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Man using an e-cigarette

E-Cigs; An Emerging HR Issue

Photo: For Better or Worse?


The steamy side of smoking

 

Businesses that allow smoking in their buildings have now become rarer than managers that still use a secretary on their lap to take diction for their business correspondence. Apart from the occasional 'head shop', even tobacconists don't allow their clients to enjoy their products on company premises. Bong suppliers that let their customers light up, don't bong for long before being busted. Smoking in the workplace has become so last millennium, banning it from the business is the ultimate no-brainer.
In fact, allowing cigarette smoking indoors at work is becoming illegal in more and more jurisdictions around the world. In Canada, due to the presence of anti-smoking legislation in practically every province and municipality, the only public places you can legally light up any more are on federally-controlled lands such as First Nations reserves that do not have to adhere to municipal or provincial edicts.

Gimme an E!

Electronic cigarettes, or e-cigs, are a whole different matter, however. They have not been around for the centuries like tobacco culture. Society, therefore, has a lot of catching up to do to understand the product fully. Despite almost daily reports that seem to alternate between positive and negative, there is much we don't know about the practice of 'vaping'. This leaves HR managers scurrying to develop policies around their use while the science is not even close to being clear.

If it walks like a duck...

For many non-smokers, electronic cigarettes are not essentially any different than their 'acoustic' counterparts. They may not produce smoke but the expelled vapour certainly has the appearance of it. Although the vapour contains no 'tar', the substance in cigarette smoke that gums up lungs and contains literally hundreds of chemicals, that tar-less vapour probably contains nicotine. To be fair to those who are non or ex-smokers in your organization, it is unwise to allow 'vaping' inside your buildings, irrespective of the absence of local laws against it.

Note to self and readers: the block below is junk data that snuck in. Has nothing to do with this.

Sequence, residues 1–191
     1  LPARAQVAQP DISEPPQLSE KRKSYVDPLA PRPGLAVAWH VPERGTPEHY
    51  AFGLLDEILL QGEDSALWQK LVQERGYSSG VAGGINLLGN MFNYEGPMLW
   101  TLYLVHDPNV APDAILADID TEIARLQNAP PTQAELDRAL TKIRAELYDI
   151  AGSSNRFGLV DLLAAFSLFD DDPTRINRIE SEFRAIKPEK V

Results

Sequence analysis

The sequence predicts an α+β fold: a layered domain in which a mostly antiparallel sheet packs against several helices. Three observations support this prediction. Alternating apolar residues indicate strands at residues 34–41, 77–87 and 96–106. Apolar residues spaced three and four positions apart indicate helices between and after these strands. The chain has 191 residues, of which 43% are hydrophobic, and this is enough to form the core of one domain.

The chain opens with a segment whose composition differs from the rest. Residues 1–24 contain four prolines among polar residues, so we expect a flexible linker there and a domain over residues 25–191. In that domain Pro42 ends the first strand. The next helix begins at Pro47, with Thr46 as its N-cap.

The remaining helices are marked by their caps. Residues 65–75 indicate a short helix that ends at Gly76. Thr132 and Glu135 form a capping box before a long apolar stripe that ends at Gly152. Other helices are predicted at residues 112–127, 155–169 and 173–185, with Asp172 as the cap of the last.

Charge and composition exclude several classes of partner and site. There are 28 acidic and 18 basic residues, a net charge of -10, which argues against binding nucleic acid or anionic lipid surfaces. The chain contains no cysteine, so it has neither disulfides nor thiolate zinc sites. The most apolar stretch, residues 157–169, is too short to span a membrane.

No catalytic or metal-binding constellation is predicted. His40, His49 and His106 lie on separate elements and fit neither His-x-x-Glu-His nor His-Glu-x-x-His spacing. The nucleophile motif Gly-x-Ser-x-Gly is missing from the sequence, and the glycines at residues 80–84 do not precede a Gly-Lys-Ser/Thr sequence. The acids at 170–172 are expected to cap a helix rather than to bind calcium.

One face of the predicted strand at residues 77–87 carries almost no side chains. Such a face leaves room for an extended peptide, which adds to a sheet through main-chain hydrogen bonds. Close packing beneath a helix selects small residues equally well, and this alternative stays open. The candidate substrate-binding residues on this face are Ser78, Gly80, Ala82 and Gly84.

But wait just a minute...

The fact is, e-cigarettes are not cigarettes as your vaping employees will point out. They do not produce smoke. There is no evidence the exhaled cloud is actually dangerous to humans. We don't ban iced tea in the office just because it looks like rum. That would be ridiculous. Many 'experts' maintain nicotine, without the accompanying tar from cigarette smoking, is no more dangerous than caffeine with a much lower toxicity rating. There are even therapeutic uses for nicotine itself, including helping people with schizophrenia and Alzheimer's.
If scientists discover e-cigs really are as effective at harm prevention and smoking cessation as their proponents assert, shouldn't HR be encouraging cigarette-addicted workers to make the switch? Having a smoke-free workforce is a popular goal for business, as it reduces sickness (and related health insurance costs), absenteeism, morale issues due to extra breaks for smokers and many other positive outcomes.

It's all about the culture

Currently in Canadian corporate culture and, indeed, society as a whole, cigarette smoking is a pariah activity and e-cigs aren't perceived as being a whole lot different than their paper-bound cousins. Having people vaping at their desks, even if legal, is to many people, encouraging the use of an evil drug delivery system and would likely be a never ending source of abrasion between employees. Sure, caffeine could also be classed as a drug delivery system but, being a solid part of the culture, does not create the same fears, no matter whether unfounded or not. Besides, one rarely blows coffee in someone else's face.

 

Just what's in that thing?

Another factor weighing against vaping at work is the ability for these e-cigs to be used to ingest marijuana derivatives and other drugs. Some might suggest a drinking glass can be used for milk or for Everclear and we shouldn't judge the container. Unfortunately, this argument is specious. The chance of someone misusing a vaping rig is far more likely than people trying to secretly chug Everclear at their posts.

I've looked at cigs from both sides now...

The problem for HR people is that because the science is not yet settled on the claims of either pro or anti-vaping factions, they must err on the side of legal caution. Forcing vaping enthusiasts to conform to the same limitations as their tobacco-smoking brethren may be considered pandering to baseless fears but it is at least legally defensible. Sometimes for business, that's as close to a win as they're going to get.

 

Categories: Human Resources

Author: Chris McKerracher

Chris McKerracher is a Social Media Marketer and Professional Writer for Industrial NetMedia. Chris has worked as a journalist, editorialist and humourist for a number of Alberta newspapers since 1995. He has also written eight theatrical plays which have been produced with the ninth to be staged in May of 2016.

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